Evangelinus Apostolides Sophocles: the Ascetic of Harvard College

the Ascetic of Harvard College

Published in The National Herald, January 10-16, 2015 ssue
Authored by Steve Frangos


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CHICAGO.  Evangelinus Apostolides Sophocles is without question the most mysterious of all the notable Greeks who sojourned to North America in the Nineteenth Century.  The second professor of Greek at Harvard College, this man's real name, his personal history and much else about him remains to this day virtually unknown.  While recognized by his contemporaries as "a scholar of extraordinary attainments," this "eccentric, cynical, soft-hearted, monk-like scholar" never graduated from any known institution and was only the recipient of honorary degrees.

Nevertheless, all his various grammars, dictionaries, and exercise books are still available and they attest to what his contemporaries experienced that “his knowledge of the Greek literature in its whole length and breadth could hardly be surpassed, and he had much rare and profound erudition on many points on which western scholarship (was then) weak.” Sophocles’ numerous volumes did nothing less than demonstrate the linguistic continuity of Greek from Classical, Hellenic, through Byzantine and into Modern Greek.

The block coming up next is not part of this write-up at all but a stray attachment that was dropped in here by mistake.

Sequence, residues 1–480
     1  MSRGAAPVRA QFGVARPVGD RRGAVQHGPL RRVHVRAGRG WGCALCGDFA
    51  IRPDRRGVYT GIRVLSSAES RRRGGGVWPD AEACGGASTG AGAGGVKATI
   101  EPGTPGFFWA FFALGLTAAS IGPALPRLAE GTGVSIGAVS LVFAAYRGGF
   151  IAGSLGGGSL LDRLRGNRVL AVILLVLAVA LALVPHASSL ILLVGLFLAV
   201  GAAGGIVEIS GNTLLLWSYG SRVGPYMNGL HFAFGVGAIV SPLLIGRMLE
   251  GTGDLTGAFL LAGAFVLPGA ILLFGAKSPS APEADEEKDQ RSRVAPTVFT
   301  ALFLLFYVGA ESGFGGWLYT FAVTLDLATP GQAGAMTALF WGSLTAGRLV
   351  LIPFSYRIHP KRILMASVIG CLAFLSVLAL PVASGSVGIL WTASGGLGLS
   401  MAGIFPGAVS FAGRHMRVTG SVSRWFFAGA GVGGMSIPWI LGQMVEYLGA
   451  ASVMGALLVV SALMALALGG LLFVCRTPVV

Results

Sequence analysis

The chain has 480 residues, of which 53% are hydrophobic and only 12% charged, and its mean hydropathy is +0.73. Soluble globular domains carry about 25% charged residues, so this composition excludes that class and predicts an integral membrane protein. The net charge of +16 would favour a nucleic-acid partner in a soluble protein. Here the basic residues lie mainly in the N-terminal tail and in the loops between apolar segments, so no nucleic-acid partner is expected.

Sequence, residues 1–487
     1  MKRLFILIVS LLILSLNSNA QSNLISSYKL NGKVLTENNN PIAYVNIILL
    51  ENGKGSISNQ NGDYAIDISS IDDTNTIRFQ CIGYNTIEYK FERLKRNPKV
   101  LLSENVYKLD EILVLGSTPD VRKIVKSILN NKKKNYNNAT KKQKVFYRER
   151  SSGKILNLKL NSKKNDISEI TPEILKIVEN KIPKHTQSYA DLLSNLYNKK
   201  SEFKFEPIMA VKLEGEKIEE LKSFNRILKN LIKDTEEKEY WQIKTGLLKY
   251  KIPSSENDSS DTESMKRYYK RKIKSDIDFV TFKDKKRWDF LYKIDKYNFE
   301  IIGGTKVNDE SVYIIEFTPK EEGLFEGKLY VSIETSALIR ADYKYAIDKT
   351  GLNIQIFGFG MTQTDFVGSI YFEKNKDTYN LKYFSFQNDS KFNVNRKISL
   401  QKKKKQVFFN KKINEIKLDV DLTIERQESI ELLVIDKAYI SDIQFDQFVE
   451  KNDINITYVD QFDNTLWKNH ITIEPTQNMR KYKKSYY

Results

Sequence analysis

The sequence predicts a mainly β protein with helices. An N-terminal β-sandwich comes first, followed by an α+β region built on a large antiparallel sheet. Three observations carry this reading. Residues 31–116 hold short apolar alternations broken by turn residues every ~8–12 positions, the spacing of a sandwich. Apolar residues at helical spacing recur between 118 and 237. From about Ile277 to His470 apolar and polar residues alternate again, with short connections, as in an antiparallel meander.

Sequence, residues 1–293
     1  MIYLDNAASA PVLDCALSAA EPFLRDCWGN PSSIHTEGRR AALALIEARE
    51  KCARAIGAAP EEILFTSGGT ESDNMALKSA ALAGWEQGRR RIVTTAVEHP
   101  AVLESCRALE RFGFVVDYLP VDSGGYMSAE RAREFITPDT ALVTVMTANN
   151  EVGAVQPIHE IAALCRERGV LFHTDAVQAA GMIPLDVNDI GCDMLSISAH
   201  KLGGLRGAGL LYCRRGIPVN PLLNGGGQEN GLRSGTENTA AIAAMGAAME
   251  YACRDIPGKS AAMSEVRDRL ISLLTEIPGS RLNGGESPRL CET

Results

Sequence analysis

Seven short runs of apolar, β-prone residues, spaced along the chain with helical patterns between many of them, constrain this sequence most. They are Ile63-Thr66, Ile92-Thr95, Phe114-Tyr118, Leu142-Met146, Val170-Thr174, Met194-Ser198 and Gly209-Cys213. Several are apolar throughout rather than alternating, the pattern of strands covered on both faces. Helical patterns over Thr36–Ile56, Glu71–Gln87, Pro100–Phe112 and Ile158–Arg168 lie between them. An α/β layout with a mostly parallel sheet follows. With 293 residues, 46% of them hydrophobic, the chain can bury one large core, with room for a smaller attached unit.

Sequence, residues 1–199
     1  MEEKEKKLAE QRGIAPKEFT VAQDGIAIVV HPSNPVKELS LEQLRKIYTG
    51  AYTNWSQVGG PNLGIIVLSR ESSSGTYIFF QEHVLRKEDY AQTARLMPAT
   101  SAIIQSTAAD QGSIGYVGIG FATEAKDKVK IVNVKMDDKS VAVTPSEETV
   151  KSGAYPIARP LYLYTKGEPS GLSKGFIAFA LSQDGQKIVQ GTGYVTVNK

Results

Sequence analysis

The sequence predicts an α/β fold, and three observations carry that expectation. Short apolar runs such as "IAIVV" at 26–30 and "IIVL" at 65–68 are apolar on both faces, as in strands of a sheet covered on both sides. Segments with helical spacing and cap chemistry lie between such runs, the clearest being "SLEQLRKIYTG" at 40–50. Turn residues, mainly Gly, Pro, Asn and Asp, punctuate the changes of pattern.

For over forty years one class after another at Harvard College took Professor Sophocles’ classes in Greek, all at a time when Greek was a revered aspect of education. As the seemingly endless series of published reminiscences demonstrate, Professor Sophocles, classicist and neo-Hellenist, was not only an instructor for generations of students but was also one of the most unforgettable Greek these Americans ever met. Clearly, Sophocles told various versions of his life story and it is from these varying accounts I now offer this account.

Sometime between 1800 and 1808, Sophocles was born in the village of Tsangarada in Thessaly, on the slope near Mount Pelion. The exact date of his birth and even the original form of his name are uncertain. His father's name was Apostolos and his grandfather’s Evangelinus. Depending on the source one cites the name of Sophocles, by which he has always been known away from home, was given him in his youth by either his paternal uncle Constantius or one of his later teachers Anthimos Gazes, as a compliment to his scholarship. Whatever his true surname might have been, in time, the amalgam of these various names became how the world now remembers him.